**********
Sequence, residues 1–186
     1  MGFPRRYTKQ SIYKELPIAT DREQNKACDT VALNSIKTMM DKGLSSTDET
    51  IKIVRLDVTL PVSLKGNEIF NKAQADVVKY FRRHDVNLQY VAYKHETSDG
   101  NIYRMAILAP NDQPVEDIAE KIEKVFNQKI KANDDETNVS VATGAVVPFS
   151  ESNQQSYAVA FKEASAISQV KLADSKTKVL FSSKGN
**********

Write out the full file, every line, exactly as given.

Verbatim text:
Sequence, residues 1–186
     1  MGFPRRYTKQ SIYKELPIAT DREQNKACDT VALNSIKTMM DKGLSSTDET
    51  IKIVRLDVTL PVSLKGNEIF NKAQADVVKY FRRHDVNLQY VAYKHETSDG
   101  NIYRMAILAP NDQPVEDIAE KIEKVFNQKI KANDDETNVS VATGAVVPFS
   151  ESNQQSYAVA FKEASAISQV KLADSKTKVL FSSKGN